Compota navideña: poached fruit for a crazy month

Life in December is too hectic for me. I just want to crawl into the sofa and let it roll by.
My mind is beginning to boggle at the thought of all the dinners and lunches and drinks parties that are coming. And I like food, mind you, but so much of it, in such close succession, and all so rich, I don´t know. And then the awful shopping. No. It´s all too much.
My favourite antidote is this fruit compote. Many people make it as a traditional holiday pudding, but I like to make a batch and eat it for dinner or breakfast, as the case might be. It´s very healthy and soothing, and while not bland, it´s definitely some of the least exciting food available. Which is just what you want after a lunch of jamón, foie, steak tartare and chocolate bombe.

It´s so easy I feel kind of silly writing the recipe, but anyway, here´s my favourite version. Qantities are for one person, as J hates poached fruit.

1/2 a kilo of cooking apples, peeled and cored
100 gr. dried apricots
100 gr. prunes

first, cover the apricots and prunes and let them soak for about an hour.

Then, tip the dried fruit with its water and the apples into a pot, cover it, bringt it to a boil, and let it simmer on a heat diffuser for about half an hour.

After that time it´ll be a sludgy golden mess, studded with the dark prunes. You might have added a cinammon stick at the beginning, but other than that, it will taste fruity and sweet, but not too much. When it cools, it will be sweeter, but never cloying (which means, of course, that you might want to add some sugar at the beginning, if that´s the sort of thing you like).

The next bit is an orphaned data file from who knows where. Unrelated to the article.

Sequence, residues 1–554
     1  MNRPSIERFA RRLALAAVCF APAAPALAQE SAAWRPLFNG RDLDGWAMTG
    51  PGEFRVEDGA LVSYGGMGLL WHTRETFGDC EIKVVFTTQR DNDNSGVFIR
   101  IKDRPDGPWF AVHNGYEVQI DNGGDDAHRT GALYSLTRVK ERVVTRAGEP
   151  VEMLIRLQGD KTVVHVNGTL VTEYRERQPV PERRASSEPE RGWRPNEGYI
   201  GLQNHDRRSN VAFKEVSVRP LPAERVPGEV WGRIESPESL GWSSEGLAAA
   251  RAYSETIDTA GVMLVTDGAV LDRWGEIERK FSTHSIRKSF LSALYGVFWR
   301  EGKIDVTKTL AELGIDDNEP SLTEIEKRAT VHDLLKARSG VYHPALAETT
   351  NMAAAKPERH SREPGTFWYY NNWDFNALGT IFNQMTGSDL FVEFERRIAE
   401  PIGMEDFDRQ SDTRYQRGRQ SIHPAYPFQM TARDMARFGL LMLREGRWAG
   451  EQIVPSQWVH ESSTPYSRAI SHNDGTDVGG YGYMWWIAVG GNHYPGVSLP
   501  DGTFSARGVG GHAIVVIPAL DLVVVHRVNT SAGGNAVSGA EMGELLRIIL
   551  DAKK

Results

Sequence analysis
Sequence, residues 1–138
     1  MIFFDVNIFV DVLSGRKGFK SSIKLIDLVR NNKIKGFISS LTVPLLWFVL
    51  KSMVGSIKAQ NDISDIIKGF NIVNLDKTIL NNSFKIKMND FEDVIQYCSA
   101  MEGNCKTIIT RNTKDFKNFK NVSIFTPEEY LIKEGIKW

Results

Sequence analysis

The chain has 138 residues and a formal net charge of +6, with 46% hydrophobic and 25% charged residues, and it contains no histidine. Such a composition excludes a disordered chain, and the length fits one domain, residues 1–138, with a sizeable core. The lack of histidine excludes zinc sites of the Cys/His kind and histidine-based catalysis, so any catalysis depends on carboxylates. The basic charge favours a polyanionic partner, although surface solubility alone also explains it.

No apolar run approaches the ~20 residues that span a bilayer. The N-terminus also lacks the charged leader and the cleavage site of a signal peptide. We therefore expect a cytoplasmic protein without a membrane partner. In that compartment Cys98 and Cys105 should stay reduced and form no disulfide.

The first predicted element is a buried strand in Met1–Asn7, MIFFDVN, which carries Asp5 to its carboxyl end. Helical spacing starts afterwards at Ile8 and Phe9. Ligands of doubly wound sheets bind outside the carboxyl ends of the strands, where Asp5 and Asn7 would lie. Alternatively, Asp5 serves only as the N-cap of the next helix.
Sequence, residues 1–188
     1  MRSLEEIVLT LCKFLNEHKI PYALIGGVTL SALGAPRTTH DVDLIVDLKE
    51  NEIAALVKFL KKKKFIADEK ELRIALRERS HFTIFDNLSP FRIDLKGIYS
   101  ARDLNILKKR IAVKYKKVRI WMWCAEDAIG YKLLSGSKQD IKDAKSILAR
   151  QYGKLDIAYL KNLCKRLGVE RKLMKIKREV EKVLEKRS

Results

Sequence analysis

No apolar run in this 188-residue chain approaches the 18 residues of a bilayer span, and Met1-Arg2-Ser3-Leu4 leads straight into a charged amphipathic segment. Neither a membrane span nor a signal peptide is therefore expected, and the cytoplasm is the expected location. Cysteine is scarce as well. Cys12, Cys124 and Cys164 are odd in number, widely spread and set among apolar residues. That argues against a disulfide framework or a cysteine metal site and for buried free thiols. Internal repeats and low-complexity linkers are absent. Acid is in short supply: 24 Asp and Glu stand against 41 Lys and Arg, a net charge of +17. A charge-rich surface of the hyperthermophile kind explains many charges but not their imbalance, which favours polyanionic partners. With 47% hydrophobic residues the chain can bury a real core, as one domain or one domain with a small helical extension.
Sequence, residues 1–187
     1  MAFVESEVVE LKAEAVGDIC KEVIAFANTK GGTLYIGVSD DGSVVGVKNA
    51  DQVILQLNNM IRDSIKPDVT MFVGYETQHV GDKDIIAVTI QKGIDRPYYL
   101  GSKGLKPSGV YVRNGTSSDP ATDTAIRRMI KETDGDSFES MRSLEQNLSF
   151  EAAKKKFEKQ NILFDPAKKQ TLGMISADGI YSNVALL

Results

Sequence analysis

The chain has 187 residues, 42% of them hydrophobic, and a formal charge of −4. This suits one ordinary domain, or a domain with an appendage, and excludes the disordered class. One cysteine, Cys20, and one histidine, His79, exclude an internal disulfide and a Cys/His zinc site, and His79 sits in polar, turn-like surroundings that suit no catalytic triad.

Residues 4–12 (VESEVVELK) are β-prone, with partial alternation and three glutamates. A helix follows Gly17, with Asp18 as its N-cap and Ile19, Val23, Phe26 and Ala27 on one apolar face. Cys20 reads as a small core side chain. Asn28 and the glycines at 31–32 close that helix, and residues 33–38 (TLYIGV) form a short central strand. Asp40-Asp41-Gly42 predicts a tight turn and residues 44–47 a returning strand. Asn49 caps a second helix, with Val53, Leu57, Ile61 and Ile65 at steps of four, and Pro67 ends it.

I love it with yogurt, just like that, or maybe with a bit of brown sugar. It goes very well with oatmeal, can be pressed into service as pudding with some good biscuits or cake (bought, of course!) and will even make an impressive side dish for roast pork or duck.



Ok, ok, jeez. Apologies, yes, my last recipe was sloppy to the point of madness. But come on, people. I was mostly concerned with the icing. And anyway, you know how to adapt a set of ingredients to a method you know from another recipe, surely? I got that one from the Thermomix sect book, and the set of instructions as I know them will be no use to anyone without one. If you really want to make it, then use my ingredients with this recipe.
See, how hard was that?
I promise to be more precise from now on, if I can, but please remember, I´m learning as I go along, and burning cookies hard and fast, too.


Lemony tea biscuits

Of the two batches of cookies we made last week, this recipe is the less stellar of the two. But it´s still very good. They´re crisp and buttery, are easy to cut, and hold their shape resonably well. So they´re a good starting point if it´s decorating you want to do.
The recipe is from the Th official book, and the method is the same as for a rich shortcrust pastry, which it resembles. So I´m going to give the quantities and assume that interested bakers will know how to deal with these ingredients. If you don´t do the pulsing, sandy dough thing, you can do the creaming the butter, etc process, I think.